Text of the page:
Monday, September 17, 2012

The loss of a child is an inconsolable grief..…

Thanks to Susan Jerome of Patterson, Illinois  for sending me this story.. It shows that "the inconsolable grief" of losing a child spans time and all socio-economic barriers - as this speaks of "Attorney Abraham Lincoln and his friend Judge David Davis" as they dealt with the deaths of their own young children and dealt with the "inconsolable grief" that is part of the journey....


In the 19th century, high infant mortality rates plagued rich and poor alike, and for many parents this earthly existence was a true veil of tears.  Few better understood this than David and Sarah Davis, who lost five children in the two decades before the Civil War.  From 1848-1862, Judge David Davis presided over the Eighth Judicial Circuit as he and a band of lawyers traveled from one Central Illinois county seat to another, often spending weeks at a time on the road.

In August, Judge Davis opened the Eighth Circuit Court in Springfield and was there when he received an Aug. 28 letter from his wife. “Lucy was well last week, but on Sunday night (Aug. 25) her bowels were loose — and yesterday she had a chill,” wrote Sarah. “She suffers no pain today but is feeble and languid of course.” (The letters cited herein are held at the Abraham Lincoln Presidential Library in Springfield, with transcriptions provided by the David Davis Mansion.)

By this time the Davises had already lost two children: A stillborn boy in 1840 and ten-month-old Mercer, who passed away in early September 1846 of an unidentified illness.  Writing from Springfield three days later, Aug. 31, David told Sarah that her letter made him “very uneasy so much so that I am really unfit to hold Court today.” He headed back to Bloomington, but it was too late — Lucy had died the same day he wrote his letter.  She was laid to rest next to her brother Mercer at City Cemetery (now Evergreen Memorial) south of downtown.

Yet with the death of his infant daughter Lucy Adam Davis of dysentery in late August 1850, the judge deemed it best to bring with him on the fall “swing” of the circuit his grief-stricken wife Sarah and their son George Perrin.  During those several weeks, Springfield attorney Abraham Lincoln took eight-year-old George under his care, giving his parents needed time alone.  While Sarah traveled by buggy with her husband, George rode with “Mr. Lincoln,” who knew well the inconsolable grief that comes with the loss of a child. Earlier that year, Feb. 1, Lincoln’s own son Edward Baker had died of “chronic consumption” just short of his fourth birthday.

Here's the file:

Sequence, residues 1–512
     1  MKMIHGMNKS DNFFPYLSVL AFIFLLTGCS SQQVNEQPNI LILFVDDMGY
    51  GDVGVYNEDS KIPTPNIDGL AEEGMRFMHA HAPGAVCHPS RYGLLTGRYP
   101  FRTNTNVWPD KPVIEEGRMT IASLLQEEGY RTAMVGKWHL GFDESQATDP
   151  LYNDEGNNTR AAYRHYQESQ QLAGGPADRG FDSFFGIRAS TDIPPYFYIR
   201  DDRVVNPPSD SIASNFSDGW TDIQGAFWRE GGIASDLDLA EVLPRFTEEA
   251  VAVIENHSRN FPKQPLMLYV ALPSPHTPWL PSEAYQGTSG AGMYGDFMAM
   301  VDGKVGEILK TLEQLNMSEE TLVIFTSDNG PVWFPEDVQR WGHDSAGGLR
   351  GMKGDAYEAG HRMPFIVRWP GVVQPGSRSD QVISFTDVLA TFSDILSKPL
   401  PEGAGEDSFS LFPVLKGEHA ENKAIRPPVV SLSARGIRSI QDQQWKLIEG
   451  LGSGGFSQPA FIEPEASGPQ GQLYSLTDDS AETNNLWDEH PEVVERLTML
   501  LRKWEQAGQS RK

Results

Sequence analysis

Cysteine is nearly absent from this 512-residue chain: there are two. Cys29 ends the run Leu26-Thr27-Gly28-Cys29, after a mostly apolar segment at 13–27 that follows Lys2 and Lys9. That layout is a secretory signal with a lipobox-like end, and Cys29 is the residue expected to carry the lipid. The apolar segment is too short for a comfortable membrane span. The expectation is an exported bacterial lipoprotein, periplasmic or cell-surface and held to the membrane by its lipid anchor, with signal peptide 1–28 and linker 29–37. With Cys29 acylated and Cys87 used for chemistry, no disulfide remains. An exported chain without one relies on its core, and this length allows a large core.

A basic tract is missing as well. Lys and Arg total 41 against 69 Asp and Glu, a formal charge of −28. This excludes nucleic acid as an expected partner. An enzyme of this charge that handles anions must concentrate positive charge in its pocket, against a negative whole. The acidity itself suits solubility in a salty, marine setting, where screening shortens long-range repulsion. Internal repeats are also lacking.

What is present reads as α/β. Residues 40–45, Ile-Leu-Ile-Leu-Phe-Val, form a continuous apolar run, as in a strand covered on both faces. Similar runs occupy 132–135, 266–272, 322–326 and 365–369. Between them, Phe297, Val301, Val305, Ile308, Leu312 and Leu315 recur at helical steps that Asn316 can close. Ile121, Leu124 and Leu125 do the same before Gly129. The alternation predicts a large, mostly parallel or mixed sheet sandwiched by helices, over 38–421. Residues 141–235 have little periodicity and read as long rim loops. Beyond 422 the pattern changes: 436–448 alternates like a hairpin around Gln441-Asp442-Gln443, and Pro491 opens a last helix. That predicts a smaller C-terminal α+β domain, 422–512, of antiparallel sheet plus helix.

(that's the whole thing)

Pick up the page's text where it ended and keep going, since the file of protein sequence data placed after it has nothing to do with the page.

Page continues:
On Sept.5, Sarah penned a letter to her mother, Lucy Adam Walker, the namesake of her departed daughter. “Our little Lucy is no more,” was how Sarah began this touching letter to her mother.  No stranger to grief, Sarah still found some measure of comfort. “Our dear child passed away very gently,” she wrote, “and looked so like (an) angel in her cradle that I could not have the heart to wish her back in this world of trial.” 

Despite the sorrow (or perhaps because of it) Judge Davis prepared to head back out and onto the Eighth Circuit.  This time though, he was reluctant to leave behind the family. As an adult, George Perrin Davis recalled those weeks after his infant sister’s death riding in Lincoln’s “one-horse open buggy.”  The Davises faced further personal tragedy in the coming decade. Infant Frances Mary died in 1857, and a 45-year-old Sarah gave birth to a stillborn girl in 1859. Only two of their seven children, George Perrin (1842-1917) and Sarah “Sallie” Worthington (1852-1934), lived into adulthood.  In 1862, Lincoln picked Davis for a seat on U.S. Supreme Court.

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